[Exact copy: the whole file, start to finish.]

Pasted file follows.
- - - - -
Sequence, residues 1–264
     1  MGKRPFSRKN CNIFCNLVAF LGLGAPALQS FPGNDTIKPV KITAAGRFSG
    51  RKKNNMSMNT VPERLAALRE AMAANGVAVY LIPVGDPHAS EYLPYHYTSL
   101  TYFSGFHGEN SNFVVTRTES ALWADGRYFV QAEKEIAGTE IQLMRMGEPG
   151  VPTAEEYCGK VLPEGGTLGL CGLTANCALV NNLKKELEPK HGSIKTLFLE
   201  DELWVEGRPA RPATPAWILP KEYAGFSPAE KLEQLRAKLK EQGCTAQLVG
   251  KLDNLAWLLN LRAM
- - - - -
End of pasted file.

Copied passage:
Sequence, residues 1–264
     1  MGKRPFSRKN CNIFCNLVAF LGLGAPALQS FPGNDTIKPV KITAAGRFSG
    51  RKKNNMSMNT VPERLAALRE AMAANGVAVY LIPVGDPHAS EYLPYHYTSL
   101  TYFSGFHGEN SNFVVTRTES ALWADGRYFV QAEKEIAGTE IQLMRMGEPG
   151  VPTAEEYCGK VLPEGGTLGL CGLTANCALV NNLKKELEPK HGSIKTLFLE
   201  DELWVEGRPA RPATPAWILP KEYAGFSPAE KLEQLRAKLK EQGCTAQLVG
   251  KLDNLAWLLN LRAM